Home > Finance > Stride hits out at ‘excessive and disproportionate’ fine

Stride hits out at ‘excessive and disproportionate’ fine

| By iGB Editorial Team
Company calls for Daub Alderney fine to be lowered to £4m

Stride Gaming has branded a £7.1m (€8.2m/$9.2m) fine for its Daub Alderney subsidiary as “excessive and disproportionate”.

The operator has called on the UK Gambling Commission to lower the penalty, which was issued for serious failings in Daub’s anti-money laundering and player protection controls, to £4m.

Gambling Commission officials noted that issues related to the identification of anti-money laundering risk, such as payment details not matching the customer and duplicate accounts, were not fit for purpose.

This in turn meant that Daub was unable to identify customers with potential gambling problems, such as previously-excluded individuals using new accounts or different payment cards to continue playing.

The company’s own audit found that it had insufficient source of funds (SOF) data on more than 700 account holders who had deposited more than £50,000.

In September Stride said it had set aside £4m as it was expecting to be hit with a “significant financial penalty” for past business practices of one of its subsidiaries.

However, with the fine issued significantly higher than expected, Stride is now calling on the Commission to reconsider its decision, while at the same time ruling out appealing against the findings or penalty.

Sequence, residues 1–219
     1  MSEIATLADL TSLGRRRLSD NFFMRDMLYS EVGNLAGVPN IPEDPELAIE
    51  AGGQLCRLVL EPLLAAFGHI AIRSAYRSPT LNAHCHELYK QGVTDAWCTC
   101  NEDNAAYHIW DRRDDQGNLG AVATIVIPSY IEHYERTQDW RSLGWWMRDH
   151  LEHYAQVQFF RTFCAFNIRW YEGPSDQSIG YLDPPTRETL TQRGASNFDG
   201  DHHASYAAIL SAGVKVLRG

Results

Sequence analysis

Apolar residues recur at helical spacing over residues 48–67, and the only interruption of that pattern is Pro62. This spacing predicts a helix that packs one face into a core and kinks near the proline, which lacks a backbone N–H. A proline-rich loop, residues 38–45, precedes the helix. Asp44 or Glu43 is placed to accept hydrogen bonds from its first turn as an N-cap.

Stride said it has addressed all of the failings identified by the Commission “in full” and also assessed the controls framework required to meet its licence conditions and codes of practice.

The company added that Deloitte LLP has carried out an independent review of these processes and will now also conduct biennial control audits to assess the operating effectiveness of those controls

Non-executive chairman Nigel Payne accused the UKGC of having presented “certain factual inaccuracies” to the regulatory panel in the course of its investigation. This, Payne argued, had “coloured” the size of the fine that was ultimately issued.

“We are of the view that both the industry and its regulator must be as one in its combined attempt to better regulate the industry and accordingly, we will be seeking to engage with the UKGC to improve the robustness of the process that we have just been through,” he added.

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